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Calls for Papers & Proposals

In accordance with our identity as an international, interdisciplinary scholarly organization that fosters the study of books and other textual artifacts in traditional and emerging formats, the Bibliographical Society of America pursues its mission by hosting public programs and collaborating with related organizations to do so.

The Event Committee issues tri-annual calls in January, April, and October that are similar to open calls for conference proposals; from time to time, the Committee may call for proposals around a specific theme. We request a general overview of the content of sessions and presenters as well as information about the budget, promotion, and general organization of the event. This allows us to compensate presenters and organizers with honoraria for their intellectual and organizational labor and to cover other necessary costs.

In all BSA events, the material text – that is, handwritten, printed, or other textual artifacts, broadly conceived – as historical evidence, and/or the theory and practice of descriptive, historical, and/or critical bibliography, should be a central concern to participants and organizers.

Our events strive to center diverse perspectives covering wide-ranging topics as outlined in our Equity Action Plan.
Through our distributed conference model, BSA reduces its carbon footprint and meets you where you are by lowering barriers to participation. We have hosted bibliographical events both online and in-person at various locations throughout North America and, when possible, elsewhere in the world. Such events can include but are not limited to:

  • lectures,
  • panel presentations,
  • hands-on workshops,
  • conference sessions,
  • and receptions following events that are bibliographical in nature.

We strive to make our events free for attendees and open to all.

For more information about the types of events that BSA hosts and sponsors, please see the Past and Upcoming Events pages on our website. The Events Committee is especially eager to sponsor events that help the Society to achieve the objectives set out in its Equity Action Plan, which states:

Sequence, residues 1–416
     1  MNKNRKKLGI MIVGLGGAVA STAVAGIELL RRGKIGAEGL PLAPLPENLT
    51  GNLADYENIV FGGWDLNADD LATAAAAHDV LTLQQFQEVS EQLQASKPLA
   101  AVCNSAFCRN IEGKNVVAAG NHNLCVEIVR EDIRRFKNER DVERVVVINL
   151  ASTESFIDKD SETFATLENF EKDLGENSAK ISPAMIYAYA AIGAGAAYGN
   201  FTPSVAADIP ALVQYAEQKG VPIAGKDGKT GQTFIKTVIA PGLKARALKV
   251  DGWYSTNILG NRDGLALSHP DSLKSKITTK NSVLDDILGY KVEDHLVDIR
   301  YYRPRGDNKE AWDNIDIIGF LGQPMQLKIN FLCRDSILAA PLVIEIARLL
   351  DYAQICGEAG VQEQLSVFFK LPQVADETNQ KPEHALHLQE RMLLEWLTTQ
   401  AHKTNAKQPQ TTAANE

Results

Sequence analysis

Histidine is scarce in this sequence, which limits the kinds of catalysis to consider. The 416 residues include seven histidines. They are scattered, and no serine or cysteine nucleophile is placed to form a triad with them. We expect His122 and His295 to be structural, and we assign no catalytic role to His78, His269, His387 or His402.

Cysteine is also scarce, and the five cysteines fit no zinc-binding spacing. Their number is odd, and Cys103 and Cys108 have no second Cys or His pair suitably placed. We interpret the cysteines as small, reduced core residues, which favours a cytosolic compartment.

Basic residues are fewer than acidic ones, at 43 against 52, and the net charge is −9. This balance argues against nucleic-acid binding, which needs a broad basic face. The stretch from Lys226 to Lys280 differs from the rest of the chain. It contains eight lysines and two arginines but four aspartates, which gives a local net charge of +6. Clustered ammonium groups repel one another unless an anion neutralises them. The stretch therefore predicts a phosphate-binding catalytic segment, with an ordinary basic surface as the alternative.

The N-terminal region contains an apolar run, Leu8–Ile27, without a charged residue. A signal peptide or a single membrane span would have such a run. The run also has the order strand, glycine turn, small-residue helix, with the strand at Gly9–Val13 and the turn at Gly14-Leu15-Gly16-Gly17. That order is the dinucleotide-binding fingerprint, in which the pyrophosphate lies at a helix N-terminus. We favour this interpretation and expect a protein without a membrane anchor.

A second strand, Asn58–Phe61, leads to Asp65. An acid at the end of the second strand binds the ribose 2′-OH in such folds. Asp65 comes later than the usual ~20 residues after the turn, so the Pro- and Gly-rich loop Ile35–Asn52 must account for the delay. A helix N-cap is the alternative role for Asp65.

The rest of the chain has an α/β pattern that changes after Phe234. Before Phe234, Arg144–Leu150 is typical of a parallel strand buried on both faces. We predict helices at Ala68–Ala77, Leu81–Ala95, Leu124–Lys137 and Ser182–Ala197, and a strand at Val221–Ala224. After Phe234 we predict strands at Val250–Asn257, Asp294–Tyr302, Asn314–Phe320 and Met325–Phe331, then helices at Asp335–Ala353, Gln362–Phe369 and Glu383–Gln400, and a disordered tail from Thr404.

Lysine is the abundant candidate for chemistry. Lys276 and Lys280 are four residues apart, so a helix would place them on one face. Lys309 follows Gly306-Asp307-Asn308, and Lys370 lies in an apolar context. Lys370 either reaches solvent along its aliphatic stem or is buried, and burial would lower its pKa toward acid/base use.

The Society will continue to expand BSA events in terms of representation, coverage, and access. In-person and virtual events should cover a wide range of subjects, feature presenters from under-represented groups, and take place in geographically dispersed, physically accessible locations or with virtual equivalents (closed-captioning, etc.). Priority will be given to proposals that demonstrate a commitment to these values.

Review guidelines, deadlines, and submit a proposal here.

External Calls for Papers and Proposals

Through the BSA Liaison Sub-Committee, the Society has established relationships with various other learned societies and sponsors programs at their conferences. These conference calls for papers and others for sessions coincidentally organized by BSA members are posted here.

The Bibliographical Society of Canada ☙ La Société bibliographique du Canada

Deadline 28 January 2022

Call for Papers: “At the Threshold: Looking Forward, Looking Back” — Bibliographical and Book Studies in Canada

On 16–18 May 2022, Canada’s bibliographical and book studies community will gather virtually for the Annual Conference of the Bibliographical Society of Canada at the Congress of the Humanities and Social Sciences. In recognizing the 75th anniversary of the Society’s founding, our conference theme offers an opportunity to reflect critically on the past, present, and future of bibliographical studies.